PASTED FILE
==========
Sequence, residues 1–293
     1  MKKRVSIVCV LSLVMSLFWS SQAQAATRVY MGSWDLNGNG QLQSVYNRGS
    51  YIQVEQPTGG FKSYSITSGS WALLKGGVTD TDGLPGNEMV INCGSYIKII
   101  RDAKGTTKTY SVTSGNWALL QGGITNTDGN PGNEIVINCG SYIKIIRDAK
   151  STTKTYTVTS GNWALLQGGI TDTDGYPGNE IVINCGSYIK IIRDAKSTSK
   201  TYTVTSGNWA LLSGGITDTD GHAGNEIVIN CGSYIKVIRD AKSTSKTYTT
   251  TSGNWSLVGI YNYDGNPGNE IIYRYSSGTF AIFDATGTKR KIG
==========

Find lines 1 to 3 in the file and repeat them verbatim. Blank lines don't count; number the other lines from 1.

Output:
Sequence, residues 1–293
     1  MKKRVSIVCV LSLVMSLFWS SQAQAATRVY MGSWDLNGNG QLQSVYNRGS
    51  YIQVEQPTGG FKSYSITSGS WALLKGGVTD TDGLPGNEMV INCGSYIKII